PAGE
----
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2.2Socio-Economic Context

2.2.1Kenyan National Context

  1. As a nation, Kenya is ethnically and culturally diverse. This diversity was created by a series of migrations of various peoples from other parts of the continent, mainly Hamites, Nilotes and Bantu. During the 20th century this has been augmented by the arrival of Asians and Europeans. The country’s population has increased rapidly from 8.2 million in the early 1960s to 15.2 million people by 1979 and 22 million in 1987.

  2. Currently the population is estimated at 30 million people, most of it concentrated in the high rainfall areas in the Highlands and along the Coast. The average annual population growth rate has fallen from a high of 4% (one of the highest rates in the world) to around 2.7%, and varies within the country. Rates of increase are especially high in the central Kenya highlands and in western Kenya. Human population densities are also high, with an average of c.50 persons/km2, but this again varies with region. In the north and north-east of the country just 20% of the total population occupies 80% of the land area.

  3. Only 18% of the land in Kenya is arable, with another 9% marginal; the rest is rangeland and semi-desert.36 This limited arable area supports all the major cash crops, 80% of the population and most of the indigenous forest estate.37 The rapid growth in the country’s population has subjected this productive land to tremendous pressure. The population increase now includes marginal areas, accelerating land degradation. The increasing demand for agricultural land and woodfuel has led to high rates of deforestation (an estimated 1% loss of forest area per year). Savannah and montane grasslands, occupying some 80,000 km2, are being converted to wheat fields and pasture, while many wetlands (especially swamps and marshes) are at risk from drainage for agriculture.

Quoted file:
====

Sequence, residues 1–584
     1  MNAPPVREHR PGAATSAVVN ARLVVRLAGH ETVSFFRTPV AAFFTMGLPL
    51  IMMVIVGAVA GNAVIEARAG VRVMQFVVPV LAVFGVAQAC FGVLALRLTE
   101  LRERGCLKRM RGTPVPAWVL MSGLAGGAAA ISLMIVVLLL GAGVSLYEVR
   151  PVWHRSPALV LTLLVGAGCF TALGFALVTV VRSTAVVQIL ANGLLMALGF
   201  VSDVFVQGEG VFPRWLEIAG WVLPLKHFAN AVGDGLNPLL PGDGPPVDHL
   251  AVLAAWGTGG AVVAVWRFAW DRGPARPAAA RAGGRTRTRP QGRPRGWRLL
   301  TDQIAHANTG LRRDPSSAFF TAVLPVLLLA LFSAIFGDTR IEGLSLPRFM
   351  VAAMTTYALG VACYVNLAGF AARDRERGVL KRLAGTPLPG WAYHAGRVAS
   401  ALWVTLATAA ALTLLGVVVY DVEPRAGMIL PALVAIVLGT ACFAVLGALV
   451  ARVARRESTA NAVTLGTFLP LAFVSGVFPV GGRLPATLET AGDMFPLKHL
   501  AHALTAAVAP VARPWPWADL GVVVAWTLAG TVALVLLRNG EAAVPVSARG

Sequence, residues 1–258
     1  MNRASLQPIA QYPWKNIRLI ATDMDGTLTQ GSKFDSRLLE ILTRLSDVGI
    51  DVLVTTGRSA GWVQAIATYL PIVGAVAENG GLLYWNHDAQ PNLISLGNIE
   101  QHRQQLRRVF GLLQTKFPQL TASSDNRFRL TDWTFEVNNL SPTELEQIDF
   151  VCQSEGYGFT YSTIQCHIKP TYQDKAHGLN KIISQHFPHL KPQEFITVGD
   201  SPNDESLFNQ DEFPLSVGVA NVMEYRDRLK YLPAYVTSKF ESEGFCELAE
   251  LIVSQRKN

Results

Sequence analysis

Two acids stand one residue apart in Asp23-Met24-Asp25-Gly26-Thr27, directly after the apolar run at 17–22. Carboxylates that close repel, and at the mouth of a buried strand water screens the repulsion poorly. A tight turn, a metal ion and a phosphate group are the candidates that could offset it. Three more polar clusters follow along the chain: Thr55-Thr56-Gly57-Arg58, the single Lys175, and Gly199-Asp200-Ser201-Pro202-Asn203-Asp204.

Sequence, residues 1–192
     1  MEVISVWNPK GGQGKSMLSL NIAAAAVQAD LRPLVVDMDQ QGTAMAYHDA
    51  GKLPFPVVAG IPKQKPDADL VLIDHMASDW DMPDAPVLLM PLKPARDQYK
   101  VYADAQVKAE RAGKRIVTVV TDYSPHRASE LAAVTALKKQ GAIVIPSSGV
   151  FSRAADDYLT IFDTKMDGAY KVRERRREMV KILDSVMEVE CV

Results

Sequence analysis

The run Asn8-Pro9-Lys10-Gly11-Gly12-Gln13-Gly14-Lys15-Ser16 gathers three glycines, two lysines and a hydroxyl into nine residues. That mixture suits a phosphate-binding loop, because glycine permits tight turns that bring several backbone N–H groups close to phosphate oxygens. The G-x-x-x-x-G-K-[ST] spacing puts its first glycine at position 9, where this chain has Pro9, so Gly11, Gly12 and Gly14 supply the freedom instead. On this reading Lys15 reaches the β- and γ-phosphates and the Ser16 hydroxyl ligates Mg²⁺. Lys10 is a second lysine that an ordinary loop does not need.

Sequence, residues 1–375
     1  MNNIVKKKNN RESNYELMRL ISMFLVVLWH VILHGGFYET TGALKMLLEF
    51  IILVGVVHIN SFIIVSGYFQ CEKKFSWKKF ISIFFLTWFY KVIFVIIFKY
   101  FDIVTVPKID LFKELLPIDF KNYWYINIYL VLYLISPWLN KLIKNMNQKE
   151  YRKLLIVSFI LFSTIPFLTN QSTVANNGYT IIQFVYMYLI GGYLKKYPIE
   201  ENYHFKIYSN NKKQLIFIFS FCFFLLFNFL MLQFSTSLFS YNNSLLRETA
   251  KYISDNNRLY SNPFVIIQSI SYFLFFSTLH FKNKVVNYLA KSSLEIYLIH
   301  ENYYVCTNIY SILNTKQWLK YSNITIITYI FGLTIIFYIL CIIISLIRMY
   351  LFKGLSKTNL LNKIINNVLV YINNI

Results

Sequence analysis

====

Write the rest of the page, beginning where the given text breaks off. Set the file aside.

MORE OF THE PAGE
4. According to the United States State Department 2002 Country Reports, from 1963 to 1973 Kenya’s GDP grew by 6.6.%38 but by 1997 dropped to 2.3%, then to 1.8% in 1999 and became negative (0.4 percent) in 2000.39 According to the second United Nations Common Country Assessment (CCA) for Kenya issued in 2002, the number of poor has increased from 52% in 1997 to 56 % in 2002. The Human Development Index has been falling since 1990 and Kenya now ranks at 146 out of 173 countries.40

  5. Average life expectancy has dropped by four years between 1989 and 1999 and now stands at 54 years for men and 57 years for women. There has been a dramatic increase of the population living under the poverty line in urban areas which increased by 90% between 1994 and 1997. In rural areas absolute poverty stands at 90% of the rural population.

  6. The majority of these poor derive their income from subsistence farming, but with only 18% of the land area regarded as high to medium potential arable land this area is already being used at its maximum potential. Most significantly the MDG progress report for Kenya notes that if current trends continue, poverty will increase to 65.9 % in 2015.

2.2.2Cherangani Hills Context

  1. The Cherangani Hills is an expansive area traversing several districts. It is situated in parts of Trans Nzoia, Elgeyo Marakwet and West Pokot districts. Assessment of the human settlements in the districts surrounding the Cherangani hills shows that increased densification of settlements and intensification of land use activities driven by rapid population growth and increasing incidences of poverty continue to exert pressure on the Cherangani hills forests.

  2. An analysis of Trans Nzoia district exemplifies the settlements situation in the areas surrounding Charangani hills. The district population growth rate is 3.8%, considerably above the national average of 2.9%. The population of Trans Nzoia has rapidly grown during the last four decades having risen from 124,361 in 1969 to 575,662 in 1999. Its 2008 population was estimated at 1,561,451 people.